As older millennials start to consider buying homes, establishing good credit is more important than ever. But with a spotty job market following one of the worst recessions in modern history, building that score hasn't been easy for this generation.
Recent research has shown millennials have an average credit score of 628, the lowest of any age group in the country and more than 50 points below average. But this isn't necessarily because they're financially irresponsible. Most have low credit and debit card balances, but relatively short credit histories and, thus, lower credit limits.
Here are some easy ways to start building your credit as a millennial:
1. Get a credit card
After watching friends and family struggle with debt and unemployment during the Great Recession, more millennials are saying no to credit cards and relying on cash and debit cards to make purchases. According to one recent survey, a whopping 63 percent of adults ages 18 to 29 don't have a credit card.
While it's true credit cards can be a double-edged sword, they are also typically the easiest type of credit to obtain and the quickest route to building a solid credit score, says Chris de Lorimier, a financial advisor on NerdWallet's Ask an Advisor platform. You may initially have a very low credit limit, but you don't need to spend a lot of money to build a credit history. Choose one low monthly expense, such as gas, and use the card only for those transactions.
Search tools such as this one from NerdWallet can help you find the right credit card. These sites make it easy to sift through hundreds of credit cards and their features in a matter of minutes. Many also offer tools like debt calculators.
2. Don't qualify? Try a secured card
If you can't get approved for a traditional credit card, don't fret. One alternative to help build your credit is what's known as a secured credit card, which requires a cash collateral deposit that becomes the credit line for that account.
"The deposit amount to secure the card could be as little as $250 to $300," says Dana Twight, a financial advisor on NerdWallet's Ask an Advisor platform. "Contrary to popular belief, they are not just for 'people with bad credit.'"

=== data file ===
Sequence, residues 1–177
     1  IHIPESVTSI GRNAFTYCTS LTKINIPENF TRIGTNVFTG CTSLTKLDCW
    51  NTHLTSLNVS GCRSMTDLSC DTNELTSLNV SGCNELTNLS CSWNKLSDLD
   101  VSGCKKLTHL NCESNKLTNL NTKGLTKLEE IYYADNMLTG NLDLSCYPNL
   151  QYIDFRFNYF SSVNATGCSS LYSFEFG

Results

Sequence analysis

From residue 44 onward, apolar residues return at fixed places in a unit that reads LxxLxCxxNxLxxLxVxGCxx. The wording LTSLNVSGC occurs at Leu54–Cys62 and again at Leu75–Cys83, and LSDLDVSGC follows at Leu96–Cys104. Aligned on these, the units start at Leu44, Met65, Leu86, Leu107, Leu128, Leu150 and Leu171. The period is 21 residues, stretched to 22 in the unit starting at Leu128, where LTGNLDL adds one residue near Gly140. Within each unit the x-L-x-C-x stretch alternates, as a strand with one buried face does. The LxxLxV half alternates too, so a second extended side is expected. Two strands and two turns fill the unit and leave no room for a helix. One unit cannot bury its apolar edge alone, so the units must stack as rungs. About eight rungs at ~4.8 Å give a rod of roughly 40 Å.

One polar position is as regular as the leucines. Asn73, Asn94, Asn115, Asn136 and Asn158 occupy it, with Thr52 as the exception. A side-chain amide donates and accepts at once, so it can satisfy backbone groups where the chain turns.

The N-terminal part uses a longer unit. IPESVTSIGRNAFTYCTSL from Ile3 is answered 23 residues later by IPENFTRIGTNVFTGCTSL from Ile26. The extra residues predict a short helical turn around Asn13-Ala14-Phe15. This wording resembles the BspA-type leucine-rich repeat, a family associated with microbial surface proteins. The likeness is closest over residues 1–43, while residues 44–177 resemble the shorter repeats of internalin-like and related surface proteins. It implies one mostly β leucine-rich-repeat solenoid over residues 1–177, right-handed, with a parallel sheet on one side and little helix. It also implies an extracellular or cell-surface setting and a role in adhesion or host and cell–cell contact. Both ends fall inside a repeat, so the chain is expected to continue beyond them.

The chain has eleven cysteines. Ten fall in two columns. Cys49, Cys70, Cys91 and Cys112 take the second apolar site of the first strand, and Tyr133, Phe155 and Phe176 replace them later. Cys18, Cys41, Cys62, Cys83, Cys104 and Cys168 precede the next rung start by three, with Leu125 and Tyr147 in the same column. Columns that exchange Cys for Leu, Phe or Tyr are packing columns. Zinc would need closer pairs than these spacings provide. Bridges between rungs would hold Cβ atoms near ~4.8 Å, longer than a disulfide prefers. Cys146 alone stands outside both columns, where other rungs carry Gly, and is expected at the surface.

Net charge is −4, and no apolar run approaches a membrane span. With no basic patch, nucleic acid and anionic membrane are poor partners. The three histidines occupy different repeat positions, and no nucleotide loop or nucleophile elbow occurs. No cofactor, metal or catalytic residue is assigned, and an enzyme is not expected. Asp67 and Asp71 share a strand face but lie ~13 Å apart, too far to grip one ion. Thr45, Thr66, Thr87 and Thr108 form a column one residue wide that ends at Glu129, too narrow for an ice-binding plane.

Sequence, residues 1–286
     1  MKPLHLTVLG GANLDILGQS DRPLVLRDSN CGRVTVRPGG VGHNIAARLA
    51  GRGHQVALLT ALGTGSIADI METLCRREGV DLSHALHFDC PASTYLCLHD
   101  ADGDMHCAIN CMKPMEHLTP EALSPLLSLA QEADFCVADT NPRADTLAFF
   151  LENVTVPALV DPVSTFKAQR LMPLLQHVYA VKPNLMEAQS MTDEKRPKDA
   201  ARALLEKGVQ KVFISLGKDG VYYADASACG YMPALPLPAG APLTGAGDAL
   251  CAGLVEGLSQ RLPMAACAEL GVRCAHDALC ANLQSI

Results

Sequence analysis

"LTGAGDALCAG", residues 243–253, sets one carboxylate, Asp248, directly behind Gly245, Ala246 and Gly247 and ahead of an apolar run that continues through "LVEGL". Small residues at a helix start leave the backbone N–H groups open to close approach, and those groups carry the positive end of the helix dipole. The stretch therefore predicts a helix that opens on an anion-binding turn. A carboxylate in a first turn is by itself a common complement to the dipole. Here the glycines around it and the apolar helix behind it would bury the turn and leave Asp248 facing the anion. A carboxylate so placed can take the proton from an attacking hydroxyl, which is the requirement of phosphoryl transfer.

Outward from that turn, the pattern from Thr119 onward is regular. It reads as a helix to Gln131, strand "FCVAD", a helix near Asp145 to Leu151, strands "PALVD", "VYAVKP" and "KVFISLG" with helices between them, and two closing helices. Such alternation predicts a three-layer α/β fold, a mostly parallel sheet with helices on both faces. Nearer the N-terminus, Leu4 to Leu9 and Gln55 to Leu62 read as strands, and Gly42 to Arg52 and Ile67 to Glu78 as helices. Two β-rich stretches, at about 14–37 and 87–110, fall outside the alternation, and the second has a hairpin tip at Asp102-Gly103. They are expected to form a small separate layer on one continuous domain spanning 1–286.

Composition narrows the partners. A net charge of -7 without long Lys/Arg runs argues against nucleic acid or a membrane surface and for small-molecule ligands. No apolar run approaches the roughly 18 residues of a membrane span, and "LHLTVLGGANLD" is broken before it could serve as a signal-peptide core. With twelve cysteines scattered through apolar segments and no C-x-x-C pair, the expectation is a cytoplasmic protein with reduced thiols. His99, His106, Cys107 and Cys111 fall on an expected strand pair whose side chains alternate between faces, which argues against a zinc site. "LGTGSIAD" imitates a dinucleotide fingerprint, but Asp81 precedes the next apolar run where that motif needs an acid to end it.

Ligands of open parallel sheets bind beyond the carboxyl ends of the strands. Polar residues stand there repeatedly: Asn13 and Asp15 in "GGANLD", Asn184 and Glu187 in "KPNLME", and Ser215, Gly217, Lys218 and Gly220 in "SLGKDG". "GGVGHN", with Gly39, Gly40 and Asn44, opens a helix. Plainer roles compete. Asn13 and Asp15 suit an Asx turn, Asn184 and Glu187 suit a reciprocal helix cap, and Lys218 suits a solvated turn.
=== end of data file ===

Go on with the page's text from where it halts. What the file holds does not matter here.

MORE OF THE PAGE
Make your payments each month, and you'll be approved for an unsecured card in no time.
3. Keep your balance low
Don't charge more than you can afford to pay off each month and be aware of the consequences of keeping a balance, particularly a big one, says Tracy Becker, a financial advisor with NerdWallet's Ask an Advisor platform.
"High balances make you a higher risk and cost much more in interest and fees," she says.
De Lorimier suggests not using more than 30 percent to 50 percent of your card's credit limit. But asking for a credit limit increase every year or so can bring down the overall balance/limit ratio and boost your credit.
4. Pay your bills on time
Late payments can have a major impact on your credit score. And it's not just late credit card payments that can ding your rating. Keeping up with loans, bills and other debt is also really important.
"It does take time, but everyone with a high 700s to 800-plus credit score started off with no credit, but were diligent in their payments over time," de Lorimier says.
5. Check your credit report regularly
Even if you don't think you have a credit history, Twight recommends pulling your credit report from one of the three major credit bureaus and taking a look.
You may find a medical bill from college you forgot about, or that the loan your parents co-signed with you has generated a record, and that could be dragging down your credit.
"Checking for medical debt is very important," Twight says. "One client of mine ignored a bill from another city on her report, as she had never been to that city. It turned out to be an old medical bill sent for collection. The health care provider's main business office was located out of her home state."
Some credit products are best avoided. In-store credit cards aren't typically a good deal, Twight says, because they can only be used in one place and the application will be noted on your credit report. Joint credit cards can be another big risk, as can opening a cellphone account or signing a lease in your name for a friend or loved one, says Becker.
"Credit is a tool to be used to have a better quality of life and reach future goals," she says. "Building and maintaining it well can help individuals build wealth in the future. A great credit score can save hundreds and thousands, if not millions, of dollars in interest and fees over a lifetime."